Elliptic Curve Signatures
Let's dig into when, where, and how Bitcoin uses Elliptic curve signatures in transactions. This chapter covers the importance of signatures to transactions, the three purposes these signatures serve, and how they are applied.
Digital Signatures (ECDSA)
So far, we have not delved into any detail about "digital signatures". In this section we look at how digital signatures work and how they can present proof of ownership of a private key without revealing that private key.
The digital signature algorithm used in bitcoin is the Elliptic Curve Digital Signature Algorithm, or ECDSA. ECDSA is the algorithm used for digital signatures based on elliptic curve private/public key pairs, as described in [elliptic_curve]. ECDSA is used by the script functions OP_CHECKSIG, OP_CHECKSIGVERIFY, OP_CHECKMULTISIG, and OP_CHECKMULTISIGVERIFY. Any time you see those in a locking script, the unlocking script must contain an ECDSA signature.
A digital signature serves three purposes in bitcoin. First, the signature proves that the owner of the private key, who is by implication the owner of the funds, has authorized the spending of those funds. Secondly, the proof of authorization is undeniable (nonrepudiation). Thirdly, the signature proves that the transaction (or specific parts of the transaction) have not and cannot be modified by anyone after it has been signed.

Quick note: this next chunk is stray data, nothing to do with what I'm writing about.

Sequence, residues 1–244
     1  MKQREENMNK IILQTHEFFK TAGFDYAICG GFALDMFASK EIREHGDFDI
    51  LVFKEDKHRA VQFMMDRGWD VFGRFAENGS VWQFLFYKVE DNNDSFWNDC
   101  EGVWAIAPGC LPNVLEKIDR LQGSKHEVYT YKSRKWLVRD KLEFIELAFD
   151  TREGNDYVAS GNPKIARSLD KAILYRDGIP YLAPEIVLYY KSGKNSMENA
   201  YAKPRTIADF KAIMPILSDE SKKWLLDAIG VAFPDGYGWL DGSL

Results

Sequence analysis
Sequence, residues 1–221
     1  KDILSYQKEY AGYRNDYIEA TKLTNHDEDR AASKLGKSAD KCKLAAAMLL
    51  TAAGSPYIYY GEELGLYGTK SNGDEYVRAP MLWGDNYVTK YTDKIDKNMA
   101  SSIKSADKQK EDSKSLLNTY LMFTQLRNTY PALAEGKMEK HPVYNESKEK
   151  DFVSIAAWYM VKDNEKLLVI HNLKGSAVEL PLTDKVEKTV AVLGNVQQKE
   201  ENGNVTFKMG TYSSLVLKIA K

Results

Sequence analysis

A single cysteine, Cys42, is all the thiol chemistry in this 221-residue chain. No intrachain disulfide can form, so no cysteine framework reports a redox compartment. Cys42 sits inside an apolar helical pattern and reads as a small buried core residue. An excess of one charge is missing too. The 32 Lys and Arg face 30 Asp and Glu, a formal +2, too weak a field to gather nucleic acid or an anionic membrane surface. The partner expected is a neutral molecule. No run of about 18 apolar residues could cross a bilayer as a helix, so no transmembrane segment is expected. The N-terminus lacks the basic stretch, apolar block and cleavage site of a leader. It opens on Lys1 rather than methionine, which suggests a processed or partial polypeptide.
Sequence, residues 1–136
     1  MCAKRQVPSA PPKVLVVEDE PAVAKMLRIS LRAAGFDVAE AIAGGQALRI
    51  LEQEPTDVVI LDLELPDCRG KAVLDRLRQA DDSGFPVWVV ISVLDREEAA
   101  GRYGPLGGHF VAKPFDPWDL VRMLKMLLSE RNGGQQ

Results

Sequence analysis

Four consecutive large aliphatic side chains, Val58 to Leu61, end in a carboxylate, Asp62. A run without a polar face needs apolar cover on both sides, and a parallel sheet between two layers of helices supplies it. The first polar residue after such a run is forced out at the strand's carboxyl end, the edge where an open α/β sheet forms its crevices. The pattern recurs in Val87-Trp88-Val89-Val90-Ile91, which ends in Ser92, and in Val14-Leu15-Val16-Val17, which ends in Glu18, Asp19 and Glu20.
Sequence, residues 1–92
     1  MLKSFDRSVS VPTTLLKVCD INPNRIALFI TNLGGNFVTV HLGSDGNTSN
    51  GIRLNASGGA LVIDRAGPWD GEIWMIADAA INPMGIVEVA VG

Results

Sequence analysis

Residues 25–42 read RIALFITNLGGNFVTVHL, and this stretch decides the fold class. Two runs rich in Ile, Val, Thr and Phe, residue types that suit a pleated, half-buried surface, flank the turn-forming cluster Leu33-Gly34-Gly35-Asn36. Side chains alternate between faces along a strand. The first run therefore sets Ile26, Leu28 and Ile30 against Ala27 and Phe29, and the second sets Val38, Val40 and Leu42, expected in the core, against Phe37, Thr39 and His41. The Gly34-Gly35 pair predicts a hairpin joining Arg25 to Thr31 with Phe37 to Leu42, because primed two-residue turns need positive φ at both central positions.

Note that each transaction input is signed independently. This is critical, as neither the signatures nor the inputs have to belong to or be applied by the same "owners". In fact, a specific transaction scheme called "CoinJoin" uses this fact to create multi-party transactions for privacy.
Note: Each transaction input and any signature it may contain is completely independent of any other input or signature. Multiple parties can collaborate to construct transactions and sign only one input each.
Wikipedia's Definition of a "Digital Signature": A digital signature is a mathematical scheme for demonstrating the authenticity of a digital message or documents. A valid digital signature gives a recipient reason to believe that the message was created by a known sender (authentication), that the sender cannot deny having sent the message (nonrepudiation), and that the message was not altered in transit (integrity).
Source: Andreas M. Antonopoulos, https://github.com/bitcoinbook/bitcoinbook/blob/develop/ch06.asciidoc
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